There is only 1 cog, and its rotation is slightly longer (or shorter, I'm not sure which best fits the scenario) than a day so that the constellations on it appear in different places during the course of a year.

Shorter, by four minutes. As I have already stated twice in this thread, and numerous times in others.
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Re: The big gears in the sky
« Reply #18 on: August 29, 2008, 05:38:11 AM »
Thanks fletch...that's what i was trying to address...

Obviously the sun orbits with a period of 24 hours and the stars rotate with a period of 23 hours 56 minutes. Or, in my model of a rotating Earth, the Earth rotates every 23 hours 56 minutes and the sun orbits with a period of 365.2425 solar days.


I got that part, but it doesnt explain the different times that some constellations rise and set when they do...especially on the celestial equator.

Nevermind for the moment.  I'm going to come back to this once I get some sleep.

Re: The big gears in the sky
« Reply #19 on: August 29, 2008, 05:52:16 AM »
So presumably these gears are observable. Please post up some evidence of them.

Re: The big gears in the sky
« Reply #20 on: August 29, 2008, 05:59:36 AM »
but it doesnt explain the different times that some constellations rise and set when they do...especially on the celestial equator.
But it does. If the cog with the stars on it is rotating 4 minutes faster than the sun is orbiting, then the stars will be rising/setting 4 minutes earlier every day. Thus in July you will see Orion in the early morning, in October it will be at midnight, and in January it will be early evening. In April it will be at midday, and is of course obscured by the sun, and so the evenings in that time of the year will show a different collection of stars.

Why would you presume the gears to be observable? The workings of a clock/watch are generally hidden behind its face.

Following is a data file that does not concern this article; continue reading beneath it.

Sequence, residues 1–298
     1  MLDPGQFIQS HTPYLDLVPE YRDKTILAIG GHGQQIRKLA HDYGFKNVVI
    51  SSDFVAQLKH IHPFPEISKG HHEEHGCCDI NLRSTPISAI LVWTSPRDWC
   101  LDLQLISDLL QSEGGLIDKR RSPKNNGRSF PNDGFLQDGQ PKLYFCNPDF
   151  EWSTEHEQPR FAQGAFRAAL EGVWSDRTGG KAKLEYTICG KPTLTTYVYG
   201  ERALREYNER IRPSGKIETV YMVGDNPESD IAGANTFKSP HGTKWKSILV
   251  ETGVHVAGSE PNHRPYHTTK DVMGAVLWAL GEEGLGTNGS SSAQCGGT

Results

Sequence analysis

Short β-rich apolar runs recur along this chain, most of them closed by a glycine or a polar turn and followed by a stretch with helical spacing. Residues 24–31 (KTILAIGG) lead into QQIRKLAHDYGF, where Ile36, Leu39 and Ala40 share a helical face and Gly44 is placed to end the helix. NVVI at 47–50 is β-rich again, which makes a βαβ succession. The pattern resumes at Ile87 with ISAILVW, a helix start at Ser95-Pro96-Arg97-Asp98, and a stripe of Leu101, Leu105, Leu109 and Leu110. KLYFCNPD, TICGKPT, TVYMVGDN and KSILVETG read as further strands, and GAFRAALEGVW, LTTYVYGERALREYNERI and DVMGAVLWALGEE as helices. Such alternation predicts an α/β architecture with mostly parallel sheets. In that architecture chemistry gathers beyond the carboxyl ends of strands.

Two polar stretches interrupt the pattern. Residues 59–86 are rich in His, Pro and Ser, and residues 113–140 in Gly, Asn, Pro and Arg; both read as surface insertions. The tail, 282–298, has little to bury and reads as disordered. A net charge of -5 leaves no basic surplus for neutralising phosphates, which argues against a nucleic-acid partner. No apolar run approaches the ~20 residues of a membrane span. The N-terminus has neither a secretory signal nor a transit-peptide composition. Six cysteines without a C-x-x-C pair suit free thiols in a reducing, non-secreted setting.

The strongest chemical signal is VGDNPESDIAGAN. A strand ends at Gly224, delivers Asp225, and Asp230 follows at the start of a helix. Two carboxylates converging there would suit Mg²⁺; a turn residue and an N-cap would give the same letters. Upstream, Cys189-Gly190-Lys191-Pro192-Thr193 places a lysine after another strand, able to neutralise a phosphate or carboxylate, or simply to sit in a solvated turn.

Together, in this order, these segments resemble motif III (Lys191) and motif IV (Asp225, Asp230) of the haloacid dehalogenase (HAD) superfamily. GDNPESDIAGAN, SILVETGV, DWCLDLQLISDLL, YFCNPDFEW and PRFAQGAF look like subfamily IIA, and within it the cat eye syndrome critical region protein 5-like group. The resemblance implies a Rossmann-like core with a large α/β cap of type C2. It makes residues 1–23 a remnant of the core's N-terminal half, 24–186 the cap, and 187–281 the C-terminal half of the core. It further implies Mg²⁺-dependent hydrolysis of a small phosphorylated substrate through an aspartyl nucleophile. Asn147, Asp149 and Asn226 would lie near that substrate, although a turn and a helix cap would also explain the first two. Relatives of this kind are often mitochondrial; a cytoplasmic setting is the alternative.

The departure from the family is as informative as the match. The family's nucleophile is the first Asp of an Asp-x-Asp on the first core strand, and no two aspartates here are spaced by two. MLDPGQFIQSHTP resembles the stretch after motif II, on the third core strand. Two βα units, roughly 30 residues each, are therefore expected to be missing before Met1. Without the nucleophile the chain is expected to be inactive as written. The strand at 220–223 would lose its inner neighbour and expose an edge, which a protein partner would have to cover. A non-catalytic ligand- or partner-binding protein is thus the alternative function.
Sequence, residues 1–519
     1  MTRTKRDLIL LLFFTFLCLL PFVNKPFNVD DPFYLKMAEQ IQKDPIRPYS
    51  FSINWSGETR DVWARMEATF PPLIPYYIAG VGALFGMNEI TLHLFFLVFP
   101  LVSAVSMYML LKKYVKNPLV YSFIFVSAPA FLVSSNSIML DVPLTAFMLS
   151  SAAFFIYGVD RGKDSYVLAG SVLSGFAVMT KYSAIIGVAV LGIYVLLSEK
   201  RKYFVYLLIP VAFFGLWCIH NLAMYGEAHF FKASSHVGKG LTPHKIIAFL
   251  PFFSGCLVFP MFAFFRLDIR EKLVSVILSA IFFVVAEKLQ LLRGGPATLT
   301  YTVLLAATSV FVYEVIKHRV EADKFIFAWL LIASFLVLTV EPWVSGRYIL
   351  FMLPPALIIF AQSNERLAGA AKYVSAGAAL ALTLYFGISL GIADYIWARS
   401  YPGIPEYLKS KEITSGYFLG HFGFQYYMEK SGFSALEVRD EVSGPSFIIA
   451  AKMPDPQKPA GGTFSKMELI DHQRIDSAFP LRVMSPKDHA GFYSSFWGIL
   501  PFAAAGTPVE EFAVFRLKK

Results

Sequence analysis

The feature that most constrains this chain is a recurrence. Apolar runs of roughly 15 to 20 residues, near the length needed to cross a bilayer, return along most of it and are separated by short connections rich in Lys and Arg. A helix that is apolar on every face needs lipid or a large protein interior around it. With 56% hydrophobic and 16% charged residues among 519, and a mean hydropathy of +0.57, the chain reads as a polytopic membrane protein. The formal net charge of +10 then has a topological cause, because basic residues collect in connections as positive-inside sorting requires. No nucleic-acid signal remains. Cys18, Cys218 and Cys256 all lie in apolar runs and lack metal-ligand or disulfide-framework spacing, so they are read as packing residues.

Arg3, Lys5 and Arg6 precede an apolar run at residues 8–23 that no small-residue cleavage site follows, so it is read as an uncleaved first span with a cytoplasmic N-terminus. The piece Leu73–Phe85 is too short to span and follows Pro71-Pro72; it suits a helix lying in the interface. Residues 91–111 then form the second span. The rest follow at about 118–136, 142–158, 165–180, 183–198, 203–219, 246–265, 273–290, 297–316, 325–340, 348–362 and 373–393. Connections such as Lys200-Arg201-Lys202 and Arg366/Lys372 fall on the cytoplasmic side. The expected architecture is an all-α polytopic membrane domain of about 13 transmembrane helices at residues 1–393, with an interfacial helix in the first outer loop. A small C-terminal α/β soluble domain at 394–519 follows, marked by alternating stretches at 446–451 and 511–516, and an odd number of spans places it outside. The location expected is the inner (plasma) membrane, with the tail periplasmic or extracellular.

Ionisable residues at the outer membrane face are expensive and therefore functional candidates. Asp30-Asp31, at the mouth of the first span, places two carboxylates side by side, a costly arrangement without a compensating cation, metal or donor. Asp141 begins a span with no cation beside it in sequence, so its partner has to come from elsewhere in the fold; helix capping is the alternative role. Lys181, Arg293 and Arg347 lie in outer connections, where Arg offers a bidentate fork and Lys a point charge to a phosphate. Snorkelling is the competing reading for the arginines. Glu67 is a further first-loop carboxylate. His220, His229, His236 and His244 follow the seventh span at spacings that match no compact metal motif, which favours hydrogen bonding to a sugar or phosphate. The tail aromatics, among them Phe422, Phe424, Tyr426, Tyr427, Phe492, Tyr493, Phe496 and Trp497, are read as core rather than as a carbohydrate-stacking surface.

Quote from: General Douchebag[/quote
If Eminem had actually died, I would feel the force realign.
Quote from: ghazwozza
Of course it doesn't make sense, it's Tom Bishop's answer.

Re: The big gears in the sky
« Reply #21 on: August 29, 2008, 06:02:18 AM »
but it doesnt explain the different times that some constellations rise and set when they do...especially on the celestial equator.
But it does. If the cog with the stars on it is rotating 4 minutes faster than the sun is orbiting, then the stars will be rising/setting 4 minutes earlier every day. Thus in July you will see Orion in the early morning, in October it will be at midnight, and in January it will be early evening. In April it will be at midday, and is of course obscured by the sun, and so the evenings in that time of the year will show a different collection of stars.

Why would you presume the gears to be observable? The workings of a clock/watch are generally hidden behind its face.
So there is a wall in space that obscures the gears. So how far away is this wall. Please back up answers with evidence or sound theory.

Re: The big gears in the sky
« Reply #22 on: August 29, 2008, 06:15:15 AM »
Also, how does the sun's radial "orbit" change, accounting for seasons.  Centrifigual effect...( Idare not call it a force here) would cause an orbit to become larger...but what is causing the sun's "orbital" radius to contract?

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Re: The big gears in the sky
« Reply #23 on: August 29, 2008, 06:39:26 AM »
Also, how does the sun's radial "orbit" change, accounting for seasons.  Centrifigual effect...( Idare not call it a force here) would cause an orbit to become larger...but what is causing the sun's "orbital" radius to contract?